After a quick overview of the factors driving westward migration between the 1840s­1860sincluding the gold rush in California, the opening of new western territories, and ideas about America’s manifest destiny to spread democratic and Christian principles across the continentAhmad traces the influences that shaped nineteenth-century Americans’ mindsets about animals and their relationships with humans. She finds these influences included religious and philosophical teachings, laws, and, even, artwork. Western religions taught that animals lacked souls and that God had created animals to be subservient to men. At the same time, Americans read the Bible to say that humans had a religious responsibility to care for animals. Children learned that abuse of animals insulted God. The law also provided legal protection for animals and guarded against cruelty. Meanwhile, in the landscape paintings that were popular in the early 1800s, including those by Hudson River School artists such as Thomas Cole and George Catlin, animals were used to evoke tranquility, solitude, power, and majesty. These artists employed animals to suggest that nature, in its untouched innocence, should take precedence in the new American Republic over potentially corrupting human civilization and empire. The pervasive nineteenth-century ideologies of gentility and the cult of domesticity, Ahmad finds, reinforced many of these concepts. “Kindness to animals,” Ahmad observes, “became a mark of class identity, while cruelty to animals … served as a predictor of antisocial behavior in adults” (10). These years thus saw a growth in the keeping of pets, which the wave of advice manuals in this period suggested would help inculcate morality in children.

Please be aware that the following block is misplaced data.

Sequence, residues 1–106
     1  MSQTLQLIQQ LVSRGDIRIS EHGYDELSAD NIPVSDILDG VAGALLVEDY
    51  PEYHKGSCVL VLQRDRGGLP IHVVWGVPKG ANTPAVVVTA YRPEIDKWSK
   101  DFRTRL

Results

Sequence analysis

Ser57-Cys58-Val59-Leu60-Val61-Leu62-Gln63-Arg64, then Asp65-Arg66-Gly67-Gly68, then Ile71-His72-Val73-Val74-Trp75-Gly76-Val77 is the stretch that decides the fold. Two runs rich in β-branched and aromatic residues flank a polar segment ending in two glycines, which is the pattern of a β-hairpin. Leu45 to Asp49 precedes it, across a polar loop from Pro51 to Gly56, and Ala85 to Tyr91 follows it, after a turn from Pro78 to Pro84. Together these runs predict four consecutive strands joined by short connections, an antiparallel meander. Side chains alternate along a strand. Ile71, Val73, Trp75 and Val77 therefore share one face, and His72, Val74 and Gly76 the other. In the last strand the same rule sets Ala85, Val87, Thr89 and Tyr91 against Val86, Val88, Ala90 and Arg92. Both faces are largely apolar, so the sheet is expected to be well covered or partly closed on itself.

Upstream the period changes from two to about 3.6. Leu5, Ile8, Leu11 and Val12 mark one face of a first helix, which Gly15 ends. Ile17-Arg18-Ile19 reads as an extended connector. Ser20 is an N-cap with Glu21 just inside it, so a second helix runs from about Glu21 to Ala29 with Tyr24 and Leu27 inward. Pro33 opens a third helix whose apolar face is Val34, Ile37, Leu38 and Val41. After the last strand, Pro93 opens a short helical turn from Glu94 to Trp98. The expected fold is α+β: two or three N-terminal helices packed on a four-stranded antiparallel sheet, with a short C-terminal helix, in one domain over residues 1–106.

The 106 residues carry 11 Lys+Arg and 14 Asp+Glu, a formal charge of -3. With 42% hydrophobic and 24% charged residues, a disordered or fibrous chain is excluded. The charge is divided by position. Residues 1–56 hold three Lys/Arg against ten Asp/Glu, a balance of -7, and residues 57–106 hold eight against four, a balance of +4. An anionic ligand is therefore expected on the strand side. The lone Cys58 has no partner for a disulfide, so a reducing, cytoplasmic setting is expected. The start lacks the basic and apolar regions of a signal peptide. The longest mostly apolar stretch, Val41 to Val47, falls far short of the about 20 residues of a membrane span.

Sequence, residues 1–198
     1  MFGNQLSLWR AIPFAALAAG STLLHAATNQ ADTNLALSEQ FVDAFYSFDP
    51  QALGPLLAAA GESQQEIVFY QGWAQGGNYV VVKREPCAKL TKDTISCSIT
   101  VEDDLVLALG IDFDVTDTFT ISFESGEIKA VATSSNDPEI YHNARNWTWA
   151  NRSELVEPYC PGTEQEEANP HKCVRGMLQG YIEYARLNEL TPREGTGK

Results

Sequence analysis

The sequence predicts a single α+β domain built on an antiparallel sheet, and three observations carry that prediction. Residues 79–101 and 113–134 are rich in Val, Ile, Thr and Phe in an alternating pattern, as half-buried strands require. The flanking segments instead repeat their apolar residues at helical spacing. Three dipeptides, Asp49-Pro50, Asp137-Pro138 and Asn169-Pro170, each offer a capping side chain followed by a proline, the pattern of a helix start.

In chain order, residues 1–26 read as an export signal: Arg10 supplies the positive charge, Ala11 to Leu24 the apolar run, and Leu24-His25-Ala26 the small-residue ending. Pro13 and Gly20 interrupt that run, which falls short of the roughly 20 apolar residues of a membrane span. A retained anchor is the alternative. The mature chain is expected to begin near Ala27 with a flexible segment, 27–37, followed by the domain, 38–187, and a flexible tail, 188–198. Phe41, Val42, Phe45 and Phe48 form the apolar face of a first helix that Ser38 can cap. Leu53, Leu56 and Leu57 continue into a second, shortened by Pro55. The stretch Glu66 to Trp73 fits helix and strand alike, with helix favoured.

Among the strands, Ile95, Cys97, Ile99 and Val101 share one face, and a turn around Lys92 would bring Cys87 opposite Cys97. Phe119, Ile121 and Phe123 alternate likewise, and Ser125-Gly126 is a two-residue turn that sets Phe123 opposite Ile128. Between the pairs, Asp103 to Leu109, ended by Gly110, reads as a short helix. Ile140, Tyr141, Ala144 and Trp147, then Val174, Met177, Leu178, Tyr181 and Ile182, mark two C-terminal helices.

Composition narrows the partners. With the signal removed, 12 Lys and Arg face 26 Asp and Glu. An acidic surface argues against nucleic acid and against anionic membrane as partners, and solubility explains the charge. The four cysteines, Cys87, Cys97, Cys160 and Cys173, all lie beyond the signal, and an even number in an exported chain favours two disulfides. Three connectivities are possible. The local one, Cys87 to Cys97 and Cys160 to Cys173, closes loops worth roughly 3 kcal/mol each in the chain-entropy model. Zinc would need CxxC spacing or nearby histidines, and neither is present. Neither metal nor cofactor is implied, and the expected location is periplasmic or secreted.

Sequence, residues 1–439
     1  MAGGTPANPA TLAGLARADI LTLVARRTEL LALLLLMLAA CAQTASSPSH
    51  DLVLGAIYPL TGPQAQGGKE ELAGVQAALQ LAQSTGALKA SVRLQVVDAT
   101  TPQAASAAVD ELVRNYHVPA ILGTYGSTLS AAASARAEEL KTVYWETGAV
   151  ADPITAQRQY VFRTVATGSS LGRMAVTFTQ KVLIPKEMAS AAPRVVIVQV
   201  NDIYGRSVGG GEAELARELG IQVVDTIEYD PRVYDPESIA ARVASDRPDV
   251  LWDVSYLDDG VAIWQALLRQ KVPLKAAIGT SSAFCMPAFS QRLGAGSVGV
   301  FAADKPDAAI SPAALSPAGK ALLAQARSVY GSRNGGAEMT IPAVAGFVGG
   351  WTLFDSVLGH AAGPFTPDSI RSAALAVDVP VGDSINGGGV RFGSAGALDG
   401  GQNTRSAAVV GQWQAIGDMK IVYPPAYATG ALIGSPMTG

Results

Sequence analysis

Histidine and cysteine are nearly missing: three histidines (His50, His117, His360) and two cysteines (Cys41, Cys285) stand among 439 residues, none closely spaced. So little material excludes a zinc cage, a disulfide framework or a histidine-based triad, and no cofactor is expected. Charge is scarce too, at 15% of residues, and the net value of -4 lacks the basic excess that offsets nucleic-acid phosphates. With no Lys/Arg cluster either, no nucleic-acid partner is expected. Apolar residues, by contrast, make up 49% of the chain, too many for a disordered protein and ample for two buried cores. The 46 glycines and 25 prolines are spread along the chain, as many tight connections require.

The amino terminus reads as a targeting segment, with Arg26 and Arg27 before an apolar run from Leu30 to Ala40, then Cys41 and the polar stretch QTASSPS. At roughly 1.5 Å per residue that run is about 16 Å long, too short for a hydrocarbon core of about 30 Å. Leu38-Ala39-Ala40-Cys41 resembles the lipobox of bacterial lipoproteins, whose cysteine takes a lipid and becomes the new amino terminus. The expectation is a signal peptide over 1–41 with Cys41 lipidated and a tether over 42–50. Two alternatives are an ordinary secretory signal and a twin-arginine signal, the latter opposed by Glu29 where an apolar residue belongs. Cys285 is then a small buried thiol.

With a baseline for nineteenth-century Americans’ attitudes toward animals thus established, Ahmad turns in her third chapter to the preparations emigrants made for their westward journeys, focusing on their extensive planning involving animals. She writes: “preparations for the journey west required as much attention to the needs of the oxen, horses, and mules as to the needs of the human travelers” (17). Businesses in the major jumping-off towns for trails bound for Oregon and California, such as Independence, St. Joseph, and St. Louis, Missouri, as well as Kanesville (later renamed Council Bluffs), Iowa, advertised their ability to provide anything emigrants required for the long expedition ahead, including draft animals. As one overlander stated in 1852, “good horses, good mules and good oxen are everything on a journey like this” (21). Ahmad uncovers the factors that influenced emigrants’ decisions about what kind and how many animals to purchase to pull their wagons. She explains that oxen, despite the fact that they traveled at one-third to one-half the speed of horses, were the preferred mode of transportation on the trails because they were considered “the safest animals that can be employed upon the road,” as well as easier to drive and less likely to be stolen by Native Americans (21). But unlike oxen or mules, horses “had a reputation for being a pleasant team if chosen carefully”; in the absence of such care, however, horses were considered finicky and unlikely to complete the trip successfully (23).